Cheetahs at Kuno National Park: The 12 cheetahs, including seven males and five females, from South Africa have been released into quarantine enclosures at Kuno National Park in Madhya Pradesh today (February 18). The Cheetahs arrived from South Africa at Air Force Station in Gwalior earlier and were later airlifted in IAF helicopters.
"MP has got a gift on Mahashivratri. I thank PM Modi from the bottom of my heart, it is his vision. 12 Cheetahs will be rehabilitated to Kuno & total number will become 20. The Cheetahs that had come earlier have now adapted to the situation very well," said MP CM Shivraj Singh Chouhan.
Cheetahs in India:
Cheetahs from South Africa have been transported after South Africa last month signed a Memorandum of Understanding (MoU) on cooperation in the re-introduction of Cheetahs in India to establish a viable cheetah population in the Asian country.
"The 12 cheetahs arriving from South Africa, under the visionary leadership of PM Narendra Modi ji to restore our ecological balance, have begun their journey to India. Indian Air Force's C-17 Globemaster aircraft will get them home tomorrow. Get ready to welcome them," Yadav tweeted.
Namibian Cheetahs at Kuno National Park:
Earlier, eight cheetahs brought from Namibia were released by Prime Minister Narendra Modi at Kuno National Park on the occasion of his birthday on September 17, 2022. The big cat returned to India 71 years after the last recorded cheetah was hunted down in Chhattisgarh in 1952. The Cheetah Project Chief of India SP Yadav on Friday (February 17) said that arrangements are in place at Madhya Pradesh's Kuno National Park for 12 African Cheetah being brought from South Africa to ensure that the big cats do not face any kind of disturbance.
"Close cameras have been installed and the big cats have been fitted with radio collars for live tracking. The quarantine enclosure we have made this time is better than the previous one," SP Yadav said while speaking to media. SP Yadav said that after bringing Cheetahs to Kuno National Park from South Africa all of their health will be tested and then they will be kept in quarantine for a month. For this 10 quarantine boomers have been made which will be kept. Two Cheetahs each stay in two enclosures and the rest of the other cheetahs will be kept in separate quarantine boomers.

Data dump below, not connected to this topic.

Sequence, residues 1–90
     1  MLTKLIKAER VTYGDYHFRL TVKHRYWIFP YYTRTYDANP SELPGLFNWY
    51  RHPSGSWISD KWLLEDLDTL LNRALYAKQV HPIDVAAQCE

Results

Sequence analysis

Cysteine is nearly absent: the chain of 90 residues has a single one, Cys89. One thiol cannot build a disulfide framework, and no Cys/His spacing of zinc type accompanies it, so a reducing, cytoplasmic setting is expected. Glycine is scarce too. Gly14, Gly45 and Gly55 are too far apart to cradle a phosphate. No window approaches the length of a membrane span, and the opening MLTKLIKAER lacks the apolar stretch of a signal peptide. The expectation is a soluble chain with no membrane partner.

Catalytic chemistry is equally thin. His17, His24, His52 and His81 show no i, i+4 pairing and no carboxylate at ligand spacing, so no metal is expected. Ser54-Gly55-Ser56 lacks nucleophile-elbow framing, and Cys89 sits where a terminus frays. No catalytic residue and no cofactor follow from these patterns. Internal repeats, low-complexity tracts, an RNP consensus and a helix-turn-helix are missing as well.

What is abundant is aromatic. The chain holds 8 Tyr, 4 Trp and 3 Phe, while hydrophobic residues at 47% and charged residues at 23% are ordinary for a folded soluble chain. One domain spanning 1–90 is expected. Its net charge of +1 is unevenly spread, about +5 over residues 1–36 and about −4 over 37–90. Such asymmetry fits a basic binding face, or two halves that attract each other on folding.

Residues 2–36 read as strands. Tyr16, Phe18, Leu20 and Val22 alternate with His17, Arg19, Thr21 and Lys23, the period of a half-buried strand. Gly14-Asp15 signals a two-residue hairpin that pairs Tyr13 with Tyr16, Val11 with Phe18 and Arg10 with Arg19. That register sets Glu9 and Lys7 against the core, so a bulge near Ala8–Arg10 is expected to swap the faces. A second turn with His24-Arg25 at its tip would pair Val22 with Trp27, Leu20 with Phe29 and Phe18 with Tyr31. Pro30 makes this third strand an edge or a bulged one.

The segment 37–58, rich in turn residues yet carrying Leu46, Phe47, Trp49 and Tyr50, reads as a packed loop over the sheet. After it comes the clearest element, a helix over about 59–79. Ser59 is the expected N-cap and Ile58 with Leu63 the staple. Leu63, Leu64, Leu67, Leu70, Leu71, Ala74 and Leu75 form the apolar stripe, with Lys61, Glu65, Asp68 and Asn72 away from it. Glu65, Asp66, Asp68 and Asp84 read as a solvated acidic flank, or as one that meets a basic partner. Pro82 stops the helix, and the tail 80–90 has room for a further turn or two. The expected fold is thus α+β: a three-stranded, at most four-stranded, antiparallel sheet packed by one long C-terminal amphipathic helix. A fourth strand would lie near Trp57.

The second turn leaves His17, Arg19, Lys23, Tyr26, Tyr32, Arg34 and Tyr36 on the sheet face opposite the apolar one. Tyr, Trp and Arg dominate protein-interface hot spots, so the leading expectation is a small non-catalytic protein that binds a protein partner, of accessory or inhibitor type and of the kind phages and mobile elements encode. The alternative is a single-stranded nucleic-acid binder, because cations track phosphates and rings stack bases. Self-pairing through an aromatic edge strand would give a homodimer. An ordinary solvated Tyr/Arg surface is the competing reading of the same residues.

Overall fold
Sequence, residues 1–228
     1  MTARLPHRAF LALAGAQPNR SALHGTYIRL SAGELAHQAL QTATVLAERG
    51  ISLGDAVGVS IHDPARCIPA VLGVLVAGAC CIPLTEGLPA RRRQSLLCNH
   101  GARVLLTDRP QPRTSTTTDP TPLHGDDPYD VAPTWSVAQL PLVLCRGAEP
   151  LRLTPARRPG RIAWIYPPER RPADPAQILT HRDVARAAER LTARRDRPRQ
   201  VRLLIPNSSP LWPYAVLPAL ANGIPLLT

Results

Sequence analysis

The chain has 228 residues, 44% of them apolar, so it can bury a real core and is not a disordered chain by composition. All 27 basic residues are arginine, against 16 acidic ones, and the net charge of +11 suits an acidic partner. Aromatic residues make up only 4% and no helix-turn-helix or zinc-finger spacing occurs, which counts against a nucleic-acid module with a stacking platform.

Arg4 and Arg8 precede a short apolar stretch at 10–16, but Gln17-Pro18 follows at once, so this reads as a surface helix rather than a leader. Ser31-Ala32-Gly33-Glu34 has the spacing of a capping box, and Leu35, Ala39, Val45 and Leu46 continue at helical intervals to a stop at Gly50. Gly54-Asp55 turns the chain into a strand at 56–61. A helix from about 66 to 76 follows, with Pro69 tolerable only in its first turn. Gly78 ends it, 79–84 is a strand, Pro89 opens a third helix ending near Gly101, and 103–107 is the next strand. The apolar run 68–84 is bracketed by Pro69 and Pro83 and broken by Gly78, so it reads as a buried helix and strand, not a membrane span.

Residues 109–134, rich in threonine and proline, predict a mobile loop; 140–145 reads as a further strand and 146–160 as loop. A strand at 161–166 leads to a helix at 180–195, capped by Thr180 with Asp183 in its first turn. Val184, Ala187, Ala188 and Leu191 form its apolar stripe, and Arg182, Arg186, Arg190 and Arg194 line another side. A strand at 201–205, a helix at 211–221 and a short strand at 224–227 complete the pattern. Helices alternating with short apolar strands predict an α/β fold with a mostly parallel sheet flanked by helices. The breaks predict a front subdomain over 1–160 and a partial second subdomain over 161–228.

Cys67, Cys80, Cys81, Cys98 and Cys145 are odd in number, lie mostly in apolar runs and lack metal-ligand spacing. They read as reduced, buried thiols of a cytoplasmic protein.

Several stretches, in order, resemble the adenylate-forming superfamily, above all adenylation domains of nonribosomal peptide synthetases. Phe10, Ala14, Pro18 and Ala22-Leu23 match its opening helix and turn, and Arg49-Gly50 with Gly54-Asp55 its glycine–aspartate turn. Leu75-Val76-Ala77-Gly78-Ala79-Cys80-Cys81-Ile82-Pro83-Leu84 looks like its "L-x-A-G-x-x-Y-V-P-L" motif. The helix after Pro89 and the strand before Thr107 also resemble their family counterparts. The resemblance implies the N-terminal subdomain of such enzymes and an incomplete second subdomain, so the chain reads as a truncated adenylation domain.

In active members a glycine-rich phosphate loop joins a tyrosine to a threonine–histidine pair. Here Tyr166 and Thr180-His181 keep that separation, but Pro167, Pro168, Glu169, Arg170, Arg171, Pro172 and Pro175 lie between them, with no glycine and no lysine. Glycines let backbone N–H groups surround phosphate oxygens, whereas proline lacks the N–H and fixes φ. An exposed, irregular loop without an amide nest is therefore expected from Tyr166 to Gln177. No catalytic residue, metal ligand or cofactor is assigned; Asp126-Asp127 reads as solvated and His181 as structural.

"The C-17 Globemaster Cargo plane of the Indian Air Force is expected to land at Gwalior Airport at 10:00 am on the 18th February. This distance will be covered in almost 10 hours. The Indian Air Force aircraft left Ghaziabad Hindon Airport on February 16 at 6.00 am and reached there at 12:30 according to the time of South Africa" Yadav told media. Cheetah Project Chief further told media that the Indian Air Force cargo plane has 11 crew members who belong to the IAF, apart from this, as an advance party, our IG, DIG from the National Tiger Conservation Authority, Veterinary Doctor, Custom Officer have also been sent so that on arrival here There should not be any inconvenience in custom. Cheetah experts from South Africa will also fly in a plane with those who will come to Gwalior.
Difference between Namibian & South African Cheetah:
Asking about the differences between Namibian Cheetah and South African Cheetah, Yadav told ANI that there is no difference in species between the cheetahs of Namibia and South Africa, but they are completely wild cheetahs of South Africa, whose character is wild. Radio collars have been installed in all the cheetahs and monitored through satellite. Apart from this, a dedicated monitoring team behind each cheetah keeps monitoring the location for 24 hours.
The main reasons for the decline of cheetahs in India were large-scale capture of animals from the wild for coursing, bounty and sport hunting, extensive habitat conversion along with a consequent decline in prey base and in 1952 Cheetahs were declared as extinct.The goal of the Cheetah introduction project in India is to establish viable cheetah metapopulation in India that allows the cheetah to perform its functional role as a top predator and provide space for the expansion of the cheetah within its historic range thereby contributing to its global conservation efforts.
The major objectives of the introduction project are to establish breeding cheetah populations in safe habitats across its historic range and manage them as a metapopulation. Under the ambitious project of the Indian Government-Project Cheetah- the reintroduction of wild species particularly cheetahs is being undertaken as per the International Union for Conservation of Nature (IUCN) guidelines. India has a long history of wildlife conservation.
One of the most successful wildlife conservation ventures 'Project Tiger' which was initiated way back in 1972, has not only contributed to the conservation of tigers but also to the entire ecosystem. In 1947-48, the last three cheetahs were hunted by the Maharaja of Korea in Chhattisgarh and the last cheetah was seen at the same time. In 1952 the Government of India declared Cheetahs extinct and since then Modi government has restored cheetahs after almost 75 years.
(With agencies inputs)